qPCR data can be analyzed by absolute or relative quantification, and the method suitable for your experiment depends on your goal. Absolute quantification allows you to determine the quantity of starting material that was present in a given sample before amplification. For example, this method can be used to determine the viral load of a patient sample. Relative quantification is applied to compare levels or changes in gene expression between different samples. For example, it is helpful to investigate whether the expression of a certain gene is higher in a tumor sample than in a healthy control sample.
After qPCR amplification, you will have produced an amplification plot, and know the Ct value of each sample. To find the quantity of starting material present in your samples, you need to compare these values to a standard curve. As seen above in the section on reaction efficiency, a standard curve is obtained by amplifying a serial dilution of a sample with a known amount of template DNA, then plotting the Ct values against the log of the starting quantities.
The equation for the linear regression line of the standard curve (y = mx + b) will then allow you to calculate the quantity of starting material for each sample. As y corresponds to the Ct value, and x to the log quantity, the equation for the linear regression line is equivalent to:
Ct = m(log quantity) + b
Solving this equation for the quantity will give you the formula:
Quantity = 10((Ct-b)/m)
This will allow you to quickly determine the quantity of starting material in each sample.
Y = mx + b → Ct = m(log quantity) + b → Quantity = 10((Ct-b)/m)
To compare levels or changes in target gene expression between different samples and a control sample, you first need to define a reference gene whose expression is unregulated. Then, run a qPCR to obtain the Ct values for the reference gene, target gene in your samples, and the control sample.
If the reaction or primer efficiencies for the reference and target genes are near 100 %, and within 5 % of each other, you can then use the ΔΔCt method – also called the Livak method – to determine the expression rate of the target gene in your samples. However, if the efficiencies are further apart, you should use the Pfaffl method. To learn how to calculate reaction efficiencies, please refer to the 'Reaction efficiency' section earlier in the article.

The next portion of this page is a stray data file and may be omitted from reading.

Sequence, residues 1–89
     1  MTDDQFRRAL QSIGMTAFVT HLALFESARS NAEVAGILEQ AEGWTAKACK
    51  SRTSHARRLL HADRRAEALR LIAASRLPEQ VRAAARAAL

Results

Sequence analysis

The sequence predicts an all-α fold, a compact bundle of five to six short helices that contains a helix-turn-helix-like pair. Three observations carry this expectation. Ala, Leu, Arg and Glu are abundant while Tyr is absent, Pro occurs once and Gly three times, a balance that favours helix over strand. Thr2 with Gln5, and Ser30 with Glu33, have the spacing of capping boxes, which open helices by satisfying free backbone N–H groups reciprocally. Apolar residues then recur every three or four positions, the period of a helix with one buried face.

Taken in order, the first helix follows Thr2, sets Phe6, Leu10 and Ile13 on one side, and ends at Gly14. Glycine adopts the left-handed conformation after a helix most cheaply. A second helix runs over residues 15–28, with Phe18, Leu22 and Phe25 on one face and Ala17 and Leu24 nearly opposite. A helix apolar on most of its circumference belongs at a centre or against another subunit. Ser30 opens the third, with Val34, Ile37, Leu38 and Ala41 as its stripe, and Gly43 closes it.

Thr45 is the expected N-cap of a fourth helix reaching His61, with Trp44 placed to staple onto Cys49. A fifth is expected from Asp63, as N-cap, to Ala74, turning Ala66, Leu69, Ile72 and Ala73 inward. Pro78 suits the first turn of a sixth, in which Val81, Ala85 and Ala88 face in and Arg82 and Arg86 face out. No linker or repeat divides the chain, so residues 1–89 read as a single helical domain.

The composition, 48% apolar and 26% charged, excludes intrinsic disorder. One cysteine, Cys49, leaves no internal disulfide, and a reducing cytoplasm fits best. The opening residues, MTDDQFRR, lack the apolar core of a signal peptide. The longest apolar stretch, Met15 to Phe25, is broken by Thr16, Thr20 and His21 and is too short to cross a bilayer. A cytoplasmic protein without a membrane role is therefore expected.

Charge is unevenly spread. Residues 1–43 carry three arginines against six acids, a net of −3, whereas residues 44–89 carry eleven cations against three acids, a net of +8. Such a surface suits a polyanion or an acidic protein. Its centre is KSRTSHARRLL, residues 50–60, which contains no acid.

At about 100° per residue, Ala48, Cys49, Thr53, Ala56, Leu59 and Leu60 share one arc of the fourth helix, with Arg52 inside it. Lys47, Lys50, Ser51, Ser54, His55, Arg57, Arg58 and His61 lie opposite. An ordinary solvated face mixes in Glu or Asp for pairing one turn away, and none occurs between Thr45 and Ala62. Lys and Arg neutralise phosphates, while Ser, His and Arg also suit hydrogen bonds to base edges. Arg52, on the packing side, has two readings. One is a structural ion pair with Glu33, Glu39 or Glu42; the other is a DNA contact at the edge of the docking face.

The calculations for the two methods are as follows:
Normalize the Ct of the target gene to the Ct of the reference gene for each sample and the control sample:
ΔCt(sample) = Ct(target gene) – Ct(reference gene)
ΔCt(control) = Ct(target gene) – Ct(reference gene)
Normalize the ΔCt of each sample to the ΔCt of the control sample:
ΔΔCt(sample) = ΔCt(sample) – ΔCt(control)
Since the calculations are in logarithm base 2, you must use the following equation to get the normalized expression ratio for each sample:
Normalized expression ratio = 2-ΔΔCt(sample)
Calculate the ΔCt of the target gene for each sample:
ΔCt(target gene) = Ct(target gene in control) – Ct(target gene in sample)
Calculate the ΔCt of the reference gene for each sample:
ΔCt(reference gene) = Ct(reference gene in control) – Ct(reference gene in sample)
Calculate the normalized expression ratio for each sample:
Normalized expression ratio = ((Etarget gene)ΔCt(target gene)) / ((Ereference gene)ΔCt(reference gene))
Etarget gene: Reaction efficiency of the target gene
Ereference gene: Reaction efficiency of the reference gene
The normalized expression ratio obtained using the ΔΔCt or the Pfaffl method is the fold change of the target gene in your sample relative to the control. A normalized expression ratio of 1.2 would mean that you have a gene expression of 120 % relative to the control.
We hope that this blog post answered all your questions regarding qPCR methods, assay validation and data analysis. If not, please leave a comment below, and we will get back to you as soon as possible.
For questions on the ideal PCR lab set-up, primer design, or useful PCR tips and tricks, these articles could also be of interest for you: